15. 15. 15 The Class NP / NP-Complete NP is the class of languages recognizable by a non-deterministic Turing machine in polynomial time e.g.: all problems in P all "guess and verify" problems such as SAT, 3-SAT Traveling Salesman, Subgraph Isomorphism co-NP is the class of languages in the complement of NP e.g.: co-SAT L is in NP-complete if, for every problem L' in NP there exists a polynomial time transformation from L' to L.
  16. 16. 16 P NP NP-complete Open Problem: is P =NP ? n Steve Cook (1971) P NP NP-complete NP-I P = NP ?oror
  17. 17. 17 Strategy for Proof that P ≠ NP if P = NP then co-NP = NP (since co-P = P ) ∴ co-NP ≠ NP implies P ≠ NP ∃ an efficient proof method for TAUT iff co-NP = NP. ∴ if no theorem proving procedure can produce proofs for all tautologies that are a polynomial function of the length of the tautology (i.e. the lengths of all proofs for theorems are exponentially long), then P ≠ NP.
  18. 18. 18 Summary n Verify SAT P p ∨ q & r ∨ ~q T F T T n Find SAT NP p ∨ q & r ∨ ~q ? ? ? ? n Prove UNSAT co-NP a ∨ b & ~a ∨ b & ~b
  19. 19. 19 Complexity vs. AI n Complexity Game (co-NP=NP?) n To find “hard examples” for increasingly general propositional theorem proving procedures. n AI Reasoning Game n To find “efficient” and practical theorem- proving procedures in Logics for AI
  20. 20. 20 Hard Problems for Resolution n Pigeon Hole Clauses (Haken ‘85) n balls can't fit into n-1 holes ~ball_1_is_in_hole_1 v ~ball_2_is_in_hole_1 ~ball_1_is_in_hole_1 v ~ball_3_is_in_hole_1 ~ball_2_is_in_hole_1 v ~ball_3_is_in_hole_1 ~ball_1_is_in_hole_2 v ~ball_2_is_in_hole_2 ~ball_1_is_in_hole_2 v ~ball_3_is_in_hole_2 ~ball_2_is_in_hole_2 v ~ball_3_is_in_hole_2 each hole can fit only one ball n x (n-1)2 clauses ball_1_is_in_hole_1 v ball_1_is_in_hole_2 ball_2_is_in_hole_1 v ball_2_is_in_hole_2 ball_3_is_in_hole_1 v ball_3_is_in_hole_2 3 balls can fit into 2 holes n clauses
  21. 21. 22 Search-Space vs. Proof Length n For problems in NP (SAT), the search space is exponentially large but the proof is polynomial n For problems in Co-NP (co-SAT), the minimal length proof is exponential and the search space even larger
  22. 22. 23 Why Machines Can’t Think n If (any) “reasoning” is done by “logical rule- following” and n If any problems that people solve (feasibly) can’t be solved (feasibly) by following rules of logic Then, either n people don't reason logically or n logic is no foundation for artificial intelligence
  23. 23. 24 A Few Responses 1) Worst-case complexity is irrelevant because average-case complexity is what matters in practice; 2) Exponential growth is irrelevant if the exponent is small for all realistic inputs 3) There are efficient theorem proving methods that are sound but incomplete; 4) Computational complexity can be overcome by increasing the power of the logic;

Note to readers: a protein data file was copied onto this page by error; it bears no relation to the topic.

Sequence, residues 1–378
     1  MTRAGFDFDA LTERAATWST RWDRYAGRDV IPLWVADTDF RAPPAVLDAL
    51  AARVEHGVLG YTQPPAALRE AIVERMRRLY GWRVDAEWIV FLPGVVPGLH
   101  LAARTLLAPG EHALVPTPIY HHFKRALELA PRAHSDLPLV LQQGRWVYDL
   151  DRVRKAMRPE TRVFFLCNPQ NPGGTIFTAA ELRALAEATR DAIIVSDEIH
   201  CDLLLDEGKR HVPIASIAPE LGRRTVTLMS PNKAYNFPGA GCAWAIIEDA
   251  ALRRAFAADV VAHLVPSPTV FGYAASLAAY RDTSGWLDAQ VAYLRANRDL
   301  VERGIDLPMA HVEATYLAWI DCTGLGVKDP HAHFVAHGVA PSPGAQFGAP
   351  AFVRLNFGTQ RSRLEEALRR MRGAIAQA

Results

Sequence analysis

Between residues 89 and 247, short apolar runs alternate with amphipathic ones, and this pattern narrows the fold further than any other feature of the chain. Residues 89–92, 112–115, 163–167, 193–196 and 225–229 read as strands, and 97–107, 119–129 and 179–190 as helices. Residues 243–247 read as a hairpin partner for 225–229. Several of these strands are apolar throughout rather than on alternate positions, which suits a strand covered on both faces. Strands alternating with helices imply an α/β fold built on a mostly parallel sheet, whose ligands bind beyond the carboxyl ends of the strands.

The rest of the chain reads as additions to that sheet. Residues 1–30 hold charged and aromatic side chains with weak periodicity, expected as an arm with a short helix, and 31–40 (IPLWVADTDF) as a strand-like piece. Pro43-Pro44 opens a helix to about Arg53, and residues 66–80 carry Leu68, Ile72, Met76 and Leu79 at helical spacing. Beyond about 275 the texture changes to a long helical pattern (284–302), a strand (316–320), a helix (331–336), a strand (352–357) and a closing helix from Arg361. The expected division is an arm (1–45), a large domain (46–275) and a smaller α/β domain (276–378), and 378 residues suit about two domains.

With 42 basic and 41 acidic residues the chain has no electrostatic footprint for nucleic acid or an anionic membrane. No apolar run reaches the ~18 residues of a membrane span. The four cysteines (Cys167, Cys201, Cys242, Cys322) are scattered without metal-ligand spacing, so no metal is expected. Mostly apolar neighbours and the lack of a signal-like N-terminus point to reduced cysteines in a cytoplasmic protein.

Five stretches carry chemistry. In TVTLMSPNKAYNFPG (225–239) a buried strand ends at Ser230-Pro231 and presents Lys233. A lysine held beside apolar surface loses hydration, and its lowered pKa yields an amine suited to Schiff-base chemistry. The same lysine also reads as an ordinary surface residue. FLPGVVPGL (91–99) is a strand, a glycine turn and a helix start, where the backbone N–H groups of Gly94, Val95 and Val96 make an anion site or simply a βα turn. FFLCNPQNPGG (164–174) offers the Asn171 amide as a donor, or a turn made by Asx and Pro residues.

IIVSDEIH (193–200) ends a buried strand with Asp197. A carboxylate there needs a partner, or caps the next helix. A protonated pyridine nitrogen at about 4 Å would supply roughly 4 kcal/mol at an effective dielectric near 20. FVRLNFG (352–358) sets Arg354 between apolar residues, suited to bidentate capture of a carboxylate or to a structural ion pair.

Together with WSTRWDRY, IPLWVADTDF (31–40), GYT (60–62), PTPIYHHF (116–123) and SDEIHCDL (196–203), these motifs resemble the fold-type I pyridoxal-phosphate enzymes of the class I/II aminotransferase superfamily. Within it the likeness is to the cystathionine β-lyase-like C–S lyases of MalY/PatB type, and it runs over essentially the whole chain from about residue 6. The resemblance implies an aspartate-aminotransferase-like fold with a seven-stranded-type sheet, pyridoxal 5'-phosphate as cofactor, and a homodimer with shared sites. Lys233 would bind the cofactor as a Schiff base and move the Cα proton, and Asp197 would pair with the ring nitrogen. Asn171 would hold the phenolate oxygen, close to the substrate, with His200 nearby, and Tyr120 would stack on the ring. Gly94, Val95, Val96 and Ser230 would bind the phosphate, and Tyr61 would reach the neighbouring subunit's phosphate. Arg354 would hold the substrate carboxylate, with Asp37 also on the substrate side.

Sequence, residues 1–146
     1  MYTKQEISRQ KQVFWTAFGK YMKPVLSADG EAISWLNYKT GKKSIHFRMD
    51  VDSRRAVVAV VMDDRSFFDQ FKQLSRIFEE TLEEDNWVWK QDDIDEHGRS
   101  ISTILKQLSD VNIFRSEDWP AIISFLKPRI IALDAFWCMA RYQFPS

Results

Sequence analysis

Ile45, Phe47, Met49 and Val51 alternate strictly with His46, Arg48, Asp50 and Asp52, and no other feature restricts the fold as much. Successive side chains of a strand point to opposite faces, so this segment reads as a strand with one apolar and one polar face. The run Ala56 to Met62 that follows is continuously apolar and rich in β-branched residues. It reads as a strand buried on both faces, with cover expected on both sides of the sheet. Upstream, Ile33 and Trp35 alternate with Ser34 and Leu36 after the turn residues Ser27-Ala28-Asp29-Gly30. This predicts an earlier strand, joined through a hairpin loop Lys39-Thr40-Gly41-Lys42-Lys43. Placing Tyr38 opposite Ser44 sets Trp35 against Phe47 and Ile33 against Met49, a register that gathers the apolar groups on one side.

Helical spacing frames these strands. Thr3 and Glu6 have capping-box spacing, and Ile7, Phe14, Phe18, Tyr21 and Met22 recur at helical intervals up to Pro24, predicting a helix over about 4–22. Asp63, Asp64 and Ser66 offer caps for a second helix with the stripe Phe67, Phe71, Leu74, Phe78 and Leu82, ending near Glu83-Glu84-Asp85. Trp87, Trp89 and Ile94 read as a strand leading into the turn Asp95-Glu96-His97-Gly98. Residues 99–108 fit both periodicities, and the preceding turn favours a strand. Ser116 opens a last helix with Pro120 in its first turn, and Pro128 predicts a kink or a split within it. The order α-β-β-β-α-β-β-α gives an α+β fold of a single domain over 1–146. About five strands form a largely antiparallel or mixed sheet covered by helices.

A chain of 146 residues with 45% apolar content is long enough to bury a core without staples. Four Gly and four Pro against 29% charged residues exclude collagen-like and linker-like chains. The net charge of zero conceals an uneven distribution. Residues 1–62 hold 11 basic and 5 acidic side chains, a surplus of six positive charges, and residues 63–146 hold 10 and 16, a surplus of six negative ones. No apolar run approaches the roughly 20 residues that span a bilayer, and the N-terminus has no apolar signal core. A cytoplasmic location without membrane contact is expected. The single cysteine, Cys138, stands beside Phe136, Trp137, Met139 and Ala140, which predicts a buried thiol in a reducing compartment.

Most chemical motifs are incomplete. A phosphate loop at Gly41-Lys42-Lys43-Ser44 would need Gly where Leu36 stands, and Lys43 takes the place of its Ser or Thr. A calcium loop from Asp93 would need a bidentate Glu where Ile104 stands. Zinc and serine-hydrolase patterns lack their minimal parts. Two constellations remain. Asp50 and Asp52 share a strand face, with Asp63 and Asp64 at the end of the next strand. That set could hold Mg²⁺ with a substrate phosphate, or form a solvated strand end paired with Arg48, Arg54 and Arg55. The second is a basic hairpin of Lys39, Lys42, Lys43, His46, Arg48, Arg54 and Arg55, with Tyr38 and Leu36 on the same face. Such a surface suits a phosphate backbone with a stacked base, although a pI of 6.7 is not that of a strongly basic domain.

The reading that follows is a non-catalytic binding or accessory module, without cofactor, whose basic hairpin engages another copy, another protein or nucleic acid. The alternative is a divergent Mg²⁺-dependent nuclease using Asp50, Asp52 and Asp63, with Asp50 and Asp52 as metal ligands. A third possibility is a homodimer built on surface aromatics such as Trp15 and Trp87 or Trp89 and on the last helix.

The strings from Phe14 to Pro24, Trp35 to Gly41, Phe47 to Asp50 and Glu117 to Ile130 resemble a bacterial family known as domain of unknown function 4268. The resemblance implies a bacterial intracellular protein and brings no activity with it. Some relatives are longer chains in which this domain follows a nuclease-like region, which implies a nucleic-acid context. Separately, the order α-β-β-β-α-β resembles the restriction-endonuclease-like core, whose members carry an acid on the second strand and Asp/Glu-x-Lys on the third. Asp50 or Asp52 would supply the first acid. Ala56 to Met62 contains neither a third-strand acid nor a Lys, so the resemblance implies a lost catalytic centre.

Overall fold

24. 24. Selman, Mitchell & Levesque ‘96
  25. 25. 26 “Exponential” isn’t bad if exponent is small
  26. 26. 27 Devise Sound, Tractable but Incomplete ATPs n Vivid Reasoning (Levesque) n Wants to make “believers out of computers” and devise incomplete but tractable logics that are psychologically realistic (e.g. capture the logic of “mental models” theory – Johnson-Laird) n Bounded Rationality (Cherniak) n “Rational agents” need to use “a better than random, but not perfect, gambling strategy for identifying sound inferences”
  27. 27. 28 Use “Stronger” Logics n People don’t map ordinary problems (e.g. pigeon-hole problem) into languages (PC) that are computationally hard n Use a different, more powerful logic in which propositionally-hard-to-prove formulae are easy to prove (e.g. extended resolution) n Problem: punt the exponential-length-of-proof constraint to a search-for-a-short-proof problem
  28. 28. 29 Concluding Remarks n If “language of thought” has a structure that can represented as or even modeled by a logic then you need to characterize what is “infeasibly computable” about it and why; n If you can understand what inferences are “cognitively hard” for people experimentally, then you can test hypotheses about what “logics” are being used in people to draw inferences.

    Be the first to comment

    Login to see the comments

  • dmitriijanouski

    Dec. 3, 2014


Total views


On Slideshare


From embeds


Number of embeds